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Digital Culture, Play, and Identity: A World of Warcraft® Reader (World of Warcraft Reader)

by Hilde G. Corneliussen, Jill Walker Rettberg (Editor)

Other authors: Espen Aarseth (Contributor), Hilda G. Corneliussen (Contributor), Charlotte Hagström (Contributor), Lisbeth Klastrup (Contributor), Tanya Krzywinksa (Contributor)7 more, Jessica Langer (Contributor), Esther MacCallum-Stewart (Contributor), Torill Elvira Mortensen (Contributor), Justin Parsler (Contributor), Scott Rettberg (Contributor), T.L. Taylor (Contributor), Ragnhild Tronstad (Contributor)

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732369,680 (4.33)None
Exploring World of Warcraft as both cultural phenomenon and game, with contributions by writers and researchers who have immersed themselves in the WoW gameworld. World of Warcraft is the world's most popular massively multiplayer online game (MMOG), with (as of March 2007) more than eight million active subscribers across Europe, North America, Asia, and Australia, who play the game an astonishing average of twenty hours a week. This book examines the complexity of World of Warcraft from a variety of perspectives, exploring the cultural and social implications of the proliferation of ever more complex digital gameworlds. The contributors have immersed themselves in the World of Warcraft universe, spending hundreds of hours as players (leading guilds and raids, exploring moneymaking possibilities in the in-game auction house, playing different factions, races, and classes), conducting interviews, and studying the game design--as created by Blizzard Entertainment, the game's developer, and as modified by player-created user interfaces. The analyses they offer are based on both the firsthand experience of being a resident of Azeroth and the data they have gathered and interpreted. The contributors examine the ways that gameworlds reflect the real world--exploring such topics as World of Warcraft as a "capitalist fairytale" and the game's construction of gender; the cohesiveness of the gameworld in terms of geography, mythology, narrative, and the treatment of death as a temporary state; aspects of play, including "deviant strategies" perhaps not in line with the intentions of the designers; and character--both players' identification with their characters and the game's culture of naming characters. The varied perspectives of the contributors--who come from such fields as game studies, textual analysis, gender studies, and postcolonial studies--reflect the breadth and vitality of current interest in MMOGs.… (more)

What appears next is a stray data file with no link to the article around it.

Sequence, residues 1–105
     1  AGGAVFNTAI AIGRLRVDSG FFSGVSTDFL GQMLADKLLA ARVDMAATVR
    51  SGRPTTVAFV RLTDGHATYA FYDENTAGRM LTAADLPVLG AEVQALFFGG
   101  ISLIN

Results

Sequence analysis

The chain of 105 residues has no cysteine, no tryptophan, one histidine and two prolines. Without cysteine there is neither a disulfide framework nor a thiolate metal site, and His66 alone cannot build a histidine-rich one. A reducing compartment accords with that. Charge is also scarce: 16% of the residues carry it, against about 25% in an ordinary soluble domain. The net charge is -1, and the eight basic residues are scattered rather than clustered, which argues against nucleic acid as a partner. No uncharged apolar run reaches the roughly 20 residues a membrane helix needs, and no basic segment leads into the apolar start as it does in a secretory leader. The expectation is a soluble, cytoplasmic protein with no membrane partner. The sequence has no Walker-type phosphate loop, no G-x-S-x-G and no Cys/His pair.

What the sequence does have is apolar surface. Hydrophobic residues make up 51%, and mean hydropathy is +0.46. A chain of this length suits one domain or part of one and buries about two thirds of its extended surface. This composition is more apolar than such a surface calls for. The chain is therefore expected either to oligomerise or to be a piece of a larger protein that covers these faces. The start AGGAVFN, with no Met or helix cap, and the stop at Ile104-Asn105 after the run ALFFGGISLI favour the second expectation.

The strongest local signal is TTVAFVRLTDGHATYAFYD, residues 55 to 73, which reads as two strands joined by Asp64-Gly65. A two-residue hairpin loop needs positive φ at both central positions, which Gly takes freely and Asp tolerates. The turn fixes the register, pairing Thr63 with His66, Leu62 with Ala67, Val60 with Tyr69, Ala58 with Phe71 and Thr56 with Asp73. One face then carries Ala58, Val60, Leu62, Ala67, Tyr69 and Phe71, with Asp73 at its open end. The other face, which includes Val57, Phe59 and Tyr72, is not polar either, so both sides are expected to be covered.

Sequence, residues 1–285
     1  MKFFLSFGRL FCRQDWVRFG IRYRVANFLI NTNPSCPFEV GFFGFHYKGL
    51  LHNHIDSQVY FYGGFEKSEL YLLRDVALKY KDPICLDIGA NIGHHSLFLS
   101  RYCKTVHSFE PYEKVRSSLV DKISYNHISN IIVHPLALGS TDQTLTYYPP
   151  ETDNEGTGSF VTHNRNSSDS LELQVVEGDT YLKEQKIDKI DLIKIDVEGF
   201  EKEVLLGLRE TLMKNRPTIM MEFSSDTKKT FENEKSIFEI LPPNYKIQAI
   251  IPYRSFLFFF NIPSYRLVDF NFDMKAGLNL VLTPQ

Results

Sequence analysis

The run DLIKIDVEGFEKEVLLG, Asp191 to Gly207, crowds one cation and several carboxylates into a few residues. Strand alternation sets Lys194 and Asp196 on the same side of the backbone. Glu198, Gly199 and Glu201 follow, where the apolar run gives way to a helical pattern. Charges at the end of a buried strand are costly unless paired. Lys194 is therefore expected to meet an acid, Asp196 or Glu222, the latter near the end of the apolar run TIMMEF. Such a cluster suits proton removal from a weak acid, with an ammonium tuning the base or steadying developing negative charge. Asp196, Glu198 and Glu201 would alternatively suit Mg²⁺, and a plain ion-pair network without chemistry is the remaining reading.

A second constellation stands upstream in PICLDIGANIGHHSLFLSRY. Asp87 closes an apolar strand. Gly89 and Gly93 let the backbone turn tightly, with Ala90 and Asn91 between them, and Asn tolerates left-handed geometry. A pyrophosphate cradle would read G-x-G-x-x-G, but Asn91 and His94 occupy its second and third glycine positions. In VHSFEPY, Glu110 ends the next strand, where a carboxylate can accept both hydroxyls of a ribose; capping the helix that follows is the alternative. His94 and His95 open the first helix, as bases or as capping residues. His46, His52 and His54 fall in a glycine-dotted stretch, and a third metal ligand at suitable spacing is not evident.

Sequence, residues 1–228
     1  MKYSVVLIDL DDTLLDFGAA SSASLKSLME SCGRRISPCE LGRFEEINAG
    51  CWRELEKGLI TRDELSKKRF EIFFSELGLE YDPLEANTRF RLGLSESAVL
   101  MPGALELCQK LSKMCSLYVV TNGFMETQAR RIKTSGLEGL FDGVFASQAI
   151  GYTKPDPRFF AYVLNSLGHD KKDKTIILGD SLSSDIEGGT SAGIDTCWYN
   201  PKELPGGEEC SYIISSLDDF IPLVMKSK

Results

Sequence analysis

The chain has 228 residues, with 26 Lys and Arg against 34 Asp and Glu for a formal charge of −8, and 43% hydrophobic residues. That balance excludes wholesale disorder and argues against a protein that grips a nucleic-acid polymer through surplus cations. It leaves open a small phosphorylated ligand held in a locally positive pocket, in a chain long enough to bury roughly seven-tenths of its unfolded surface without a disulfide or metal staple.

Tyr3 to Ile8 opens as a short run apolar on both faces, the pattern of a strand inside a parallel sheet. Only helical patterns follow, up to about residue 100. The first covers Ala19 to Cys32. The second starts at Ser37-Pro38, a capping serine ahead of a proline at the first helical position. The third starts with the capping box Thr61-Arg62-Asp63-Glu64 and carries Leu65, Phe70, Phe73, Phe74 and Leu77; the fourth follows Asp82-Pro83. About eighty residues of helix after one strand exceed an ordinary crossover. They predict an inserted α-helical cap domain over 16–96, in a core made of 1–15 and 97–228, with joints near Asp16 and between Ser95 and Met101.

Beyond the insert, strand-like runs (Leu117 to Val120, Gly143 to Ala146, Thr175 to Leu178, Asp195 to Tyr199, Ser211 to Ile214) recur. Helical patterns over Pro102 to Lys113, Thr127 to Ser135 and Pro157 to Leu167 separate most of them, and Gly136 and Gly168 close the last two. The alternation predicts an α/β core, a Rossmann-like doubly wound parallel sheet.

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It's now available as an ebook on the MIT press portal http://mitpress-ebooks.mit.edu/product/digital-culture-play-identity
  ipublishcentral | Oct 23, 2009 |
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Author nameRoleType of authorWork?Status
Hilde G. Corneliussenprimary authorall editionscalculated
Rettberg, Jill WalkerEditormain authorall editionsconfirmed
Aarseth, EspenContributorsecondary authorall editionsconfirmed
Corneliussen, Hilda G.Contributorsecondary authorall editionsconfirmed
Hagström, CharlotteContributorsecondary authorall editionsconfirmed
Klastrup, LisbethContributorsecondary authorall editionsconfirmed
Krzywinksa, TanyaContributorsecondary authorall editionsconfirmed
Langer, JessicaContributorsecondary authorall editionsconfirmed
MacCallum-Stewart, EstherContributorsecondary authorall editionsconfirmed
Mortensen, Torill ElviraContributorsecondary authorall editionsconfirmed
Parsler, JustinContributorsecondary authorall editionsconfirmed
Rettberg, ScottContributorsecondary authorall editionsconfirmed
Taylor, T.L.Contributorsecondary authorall editionsconfirmed
Tronstad, RagnhildContributorsecondary authorall editionsconfirmed
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Exploring World of Warcraft as both cultural phenomenon and game, with contributions by writers and researchers who have immersed themselves in the WoW gameworld. World of Warcraft is the world's most popular massively multiplayer online game (MMOG), with (as of March 2007) more than eight million active subscribers across Europe, North America, Asia, and Australia, who play the game an astonishing average of twenty hours a week. This book examines the complexity of World of Warcraft from a variety of perspectives, exploring the cultural and social implications of the proliferation of ever more complex digital gameworlds. The contributors have immersed themselves in the World of Warcraft universe, spending hundreds of hours as players (leading guilds and raids, exploring moneymaking possibilities in the in-game auction house, playing different factions, races, and classes), conducting interviews, and studying the game design--as created by Blizzard Entertainment, the game's developer, and as modified by player-created user interfaces. The analyses they offer are based on both the firsthand experience of being a resident of Azeroth and the data they have gathered and interpreted. The contributors examine the ways that gameworlds reflect the real world--exploring such topics as World of Warcraft as a "capitalist fairytale" and the game's construction of gender; the cohesiveness of the gameworld in terms of geography, mythology, narrative, and the treatment of death as a temporary state; aspects of play, including "deviant strategies" perhaps not in line with the intentions of the designers; and character--both players' identification with their characters and the game's culture of naming characters. The varied perspectives of the contributors--who come from such fields as game studies, textual analysis, gender studies, and postcolonial studies--reflect the breadth and vitality of current interest in MMOGs.

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